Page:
Hacker attacks on Android applications will continue to increase during 2016, according to a recent apps security report by Quick Heal Technologies (QHT). In Q3 2015, experts detected 1.2 million of new types of malicious software for Android. Over 3 months hackers developed 220 new malware families and modified 147 types of existing mobile security threats. As of end of 2015, experts found over 600 unique types of malware targeting the world's most popular mobile platform - Android.

According to QHT CTO Sanjay Katkar, the number of cyberattacks on Android applications keeps growing for several consecutive quarters, so users and organizations will have to pay more attention to Android security going forward.

One of the key reasons Android is so vulnerable to hacker attacks is the high fragmentation of the platform. Many users still keep using the old version of Android which partially explains such a high level of mobile software vulnerability. Hackers are taking advantage of this by utilizing security flaws that remained unfixed in the old version.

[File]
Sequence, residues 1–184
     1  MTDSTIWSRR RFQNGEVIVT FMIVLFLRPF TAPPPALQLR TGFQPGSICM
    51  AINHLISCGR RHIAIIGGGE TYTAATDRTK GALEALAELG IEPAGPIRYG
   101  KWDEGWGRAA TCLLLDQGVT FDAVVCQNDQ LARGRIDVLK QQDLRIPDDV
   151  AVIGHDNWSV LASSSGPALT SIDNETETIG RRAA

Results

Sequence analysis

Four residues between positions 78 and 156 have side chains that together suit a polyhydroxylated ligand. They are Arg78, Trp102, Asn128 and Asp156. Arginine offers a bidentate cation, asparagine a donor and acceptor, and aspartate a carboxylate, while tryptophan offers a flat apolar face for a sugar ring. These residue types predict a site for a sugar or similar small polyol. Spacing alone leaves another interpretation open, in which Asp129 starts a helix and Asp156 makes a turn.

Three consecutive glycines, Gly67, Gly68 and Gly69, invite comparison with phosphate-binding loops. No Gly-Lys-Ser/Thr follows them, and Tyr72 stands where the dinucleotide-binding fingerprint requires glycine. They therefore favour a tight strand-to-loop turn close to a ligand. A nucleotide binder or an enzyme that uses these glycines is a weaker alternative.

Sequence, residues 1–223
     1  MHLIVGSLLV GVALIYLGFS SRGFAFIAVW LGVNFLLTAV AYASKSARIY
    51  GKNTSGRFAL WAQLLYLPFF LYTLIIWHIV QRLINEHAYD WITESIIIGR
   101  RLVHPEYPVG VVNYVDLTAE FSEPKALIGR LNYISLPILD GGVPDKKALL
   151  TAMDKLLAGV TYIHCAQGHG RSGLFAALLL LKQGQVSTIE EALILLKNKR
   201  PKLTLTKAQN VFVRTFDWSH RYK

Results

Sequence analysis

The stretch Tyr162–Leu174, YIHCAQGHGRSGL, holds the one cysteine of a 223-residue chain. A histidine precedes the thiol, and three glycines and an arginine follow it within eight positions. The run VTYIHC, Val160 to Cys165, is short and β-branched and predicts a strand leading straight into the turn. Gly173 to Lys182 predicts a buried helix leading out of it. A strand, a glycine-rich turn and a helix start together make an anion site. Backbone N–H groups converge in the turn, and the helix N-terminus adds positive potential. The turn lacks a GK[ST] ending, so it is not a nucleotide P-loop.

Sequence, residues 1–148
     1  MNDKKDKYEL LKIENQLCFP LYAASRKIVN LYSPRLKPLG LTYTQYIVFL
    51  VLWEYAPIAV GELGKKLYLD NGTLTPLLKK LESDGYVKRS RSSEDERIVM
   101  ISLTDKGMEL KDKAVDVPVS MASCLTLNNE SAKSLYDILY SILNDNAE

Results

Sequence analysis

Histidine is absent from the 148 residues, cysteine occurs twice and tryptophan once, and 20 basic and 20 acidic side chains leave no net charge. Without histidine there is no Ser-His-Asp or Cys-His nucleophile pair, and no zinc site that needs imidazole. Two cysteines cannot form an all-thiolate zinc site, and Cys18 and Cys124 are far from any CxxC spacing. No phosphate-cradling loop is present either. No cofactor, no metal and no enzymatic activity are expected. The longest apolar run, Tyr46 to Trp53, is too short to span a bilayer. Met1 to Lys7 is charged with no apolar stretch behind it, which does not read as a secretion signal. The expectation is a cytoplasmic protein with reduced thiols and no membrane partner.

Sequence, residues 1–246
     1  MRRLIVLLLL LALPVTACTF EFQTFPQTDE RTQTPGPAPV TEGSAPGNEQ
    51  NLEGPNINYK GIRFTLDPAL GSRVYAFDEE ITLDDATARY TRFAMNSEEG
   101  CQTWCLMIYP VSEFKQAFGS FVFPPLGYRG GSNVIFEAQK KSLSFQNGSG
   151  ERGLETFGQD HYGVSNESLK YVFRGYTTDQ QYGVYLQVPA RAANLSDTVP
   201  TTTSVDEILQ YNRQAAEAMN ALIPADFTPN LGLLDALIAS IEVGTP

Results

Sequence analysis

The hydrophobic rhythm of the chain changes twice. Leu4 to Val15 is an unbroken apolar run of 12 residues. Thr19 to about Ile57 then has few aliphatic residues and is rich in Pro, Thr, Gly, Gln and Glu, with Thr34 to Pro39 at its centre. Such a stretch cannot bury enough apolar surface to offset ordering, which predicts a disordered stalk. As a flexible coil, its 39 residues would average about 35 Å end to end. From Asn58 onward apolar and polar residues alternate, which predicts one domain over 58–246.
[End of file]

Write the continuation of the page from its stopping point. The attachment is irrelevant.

Katkar believes that 2016 will see a boom of malicious adware targeting Android. QHT claims that 66% of all Android malware comes from adware. This tendency is expected to keep in the future.

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Currently, Google Play contains a way too many unsafe applications. The app store security flaws allow hackers to bypass protection mechanisms and upload malicious apps straight to the Android marketplace. Most of malware apps imitate legitimate apps such as official banking apps. Therefore, companies should be on the permanent watch-out for cyberattacks and phishing software, as hackers continue developing more and more sophisticated malware.

Check out our previous post about how to build highly secure Android apps!

Source: QHT, 2015

Vik is our Brand Journalist and Head of Online Marketing / PR with 11+ years of international experience in IT B2B. He's also a guest blog contributor to Business2community, SitePoint, Journal of mHealth, Wearable Valley and other IT portals. You can contact him directly on LinkedIn.

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